The exact origin of bourbon remains a mystery. According to a popular legend, a Baptist minister named Elijah Craig created bourbon in Royal Spring (now Georgetown, Kentucky in Scott County) in 1789, although there is no evidence he ever lived in that area. One story claims bourbon was produced by accident when frontiersmen were sold barrels charred in a fire in a Jamaican barrel factory. Others insist amateur barrel makers on the frontier fashioned crude barrels by burning the staves to form the proper shape. Jacob Spears, a farmer who came from Pennsylvania and opened a distillery in Bourbon County in 1790, was purportedly the first to use the label “Bourbon whiskey.” The earliest printed record of the term was in an advertisement by Stout and Adams of Maysville in the June 26, 1821 issue of Bourbon County’s newspaper, The Western Citizen, for “Bourbon whisky by the barrel or the keg.”
According to the Federal Alcohol Administration Act of 1936, Straight Bourbon must be produced in the United States, made from at least 51 percent corn, distilled to no more than 160 proof, and aged at least two years in charred white-oak barrels. During aging in the barrels, a chemical reaction with the charcoal creates tannic acid, transforming the clear whiskey into a caramel hue and characteristic fruitiness. The various ingredients and steps -— the types and quality of the grain, differences in the water, the amount of diluting, and the barrels -— all have an effect on the unique character of each brand of bourbon. Bourbon’s flavor complements a wide variety of foods, especially pecans.
The original pecan, a native of the Mississippi Valley, was rather small with an extremely hard shell. Then in 1846, a slave by the name of Antoine on the Oak Alley Plantation north of New Orleans grafted a wild pecan seedling to existing pecan stocks, creating a superior variety with larger kernels and softer shells. Similar grafting techniques revolutionized the pecan industry, producing greater amounts of commercial quality nuts. Subsequently, pecans played a much more prominent role in American cookery, especially in the South.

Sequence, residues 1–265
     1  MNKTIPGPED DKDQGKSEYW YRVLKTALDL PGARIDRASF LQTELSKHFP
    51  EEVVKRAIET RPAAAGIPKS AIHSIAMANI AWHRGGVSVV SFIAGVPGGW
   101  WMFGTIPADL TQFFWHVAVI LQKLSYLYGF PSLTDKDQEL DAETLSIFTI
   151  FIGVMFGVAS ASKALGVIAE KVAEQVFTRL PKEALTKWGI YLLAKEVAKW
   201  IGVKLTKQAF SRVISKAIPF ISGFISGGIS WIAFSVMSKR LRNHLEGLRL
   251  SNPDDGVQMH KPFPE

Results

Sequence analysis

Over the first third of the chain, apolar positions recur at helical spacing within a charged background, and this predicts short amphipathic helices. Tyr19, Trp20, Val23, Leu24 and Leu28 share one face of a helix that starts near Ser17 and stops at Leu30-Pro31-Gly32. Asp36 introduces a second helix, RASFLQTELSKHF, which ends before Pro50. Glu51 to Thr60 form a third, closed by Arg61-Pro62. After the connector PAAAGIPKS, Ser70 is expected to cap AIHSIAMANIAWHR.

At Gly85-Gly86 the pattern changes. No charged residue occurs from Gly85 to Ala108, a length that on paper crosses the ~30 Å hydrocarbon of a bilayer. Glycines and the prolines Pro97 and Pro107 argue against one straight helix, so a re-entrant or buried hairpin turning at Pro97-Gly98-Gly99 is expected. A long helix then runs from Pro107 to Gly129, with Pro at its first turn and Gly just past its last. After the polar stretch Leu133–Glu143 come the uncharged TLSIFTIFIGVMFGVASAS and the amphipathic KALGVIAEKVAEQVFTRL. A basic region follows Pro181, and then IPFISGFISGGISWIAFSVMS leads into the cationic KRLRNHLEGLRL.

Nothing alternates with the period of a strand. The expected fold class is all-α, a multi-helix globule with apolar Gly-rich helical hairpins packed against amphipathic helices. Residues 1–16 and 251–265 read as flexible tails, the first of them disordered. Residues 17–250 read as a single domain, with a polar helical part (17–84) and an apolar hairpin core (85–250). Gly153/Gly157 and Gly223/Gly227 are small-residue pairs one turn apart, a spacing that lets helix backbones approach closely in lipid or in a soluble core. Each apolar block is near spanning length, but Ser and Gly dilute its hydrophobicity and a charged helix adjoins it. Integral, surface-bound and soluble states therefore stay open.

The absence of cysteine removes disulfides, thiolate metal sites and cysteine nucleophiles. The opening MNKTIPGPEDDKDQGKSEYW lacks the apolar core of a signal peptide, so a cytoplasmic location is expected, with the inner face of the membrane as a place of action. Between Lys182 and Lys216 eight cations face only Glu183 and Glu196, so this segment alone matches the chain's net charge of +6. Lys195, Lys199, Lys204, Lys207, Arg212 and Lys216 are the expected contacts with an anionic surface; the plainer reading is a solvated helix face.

Pecan cakes began showing up in American cookbooks in the 1880s (pecan pies made their appearance shortly thereafter), using either coarsely or finely chopped nuts. A butter cake version of “Pecan Cake,” using milk as the liquid, was included in La Cuisine Creole by Lafcadio Hearn (New Orleans, 1885). In Kentucky, these nut cakes, typically using bourbon, were commonly called pecan cake or whiskey cake. Reflecting the cookery of Kentucky at the onset of the 20th century and importance of pecan cakes, Kentucky Receipt Book by Mary Harris Frazer (Louisville, KY, 1903) -– perhaps best known for her early banana pudding recipe — offered six versions of “Pecan Cake” incorporating “whisky.” The Blue Grass Cook Book by Minnie C. Fox (New York, 1904) called for ‘whisky’ in a few cakes, including “Black Cake,” a classic fruitcake also containing jam; “Kentucky Cake,” a white pound cake; and “Pecan Cake (NO. 1),” the addition of plenty of raisins rendering it a fruitcake. In many instances, families picked the pecan or hickory nuts free from wild trees in nearby woods, distilled their own whiskey, and sometimes even forewent the imported raisins, constituting a relatively inexpensive treat.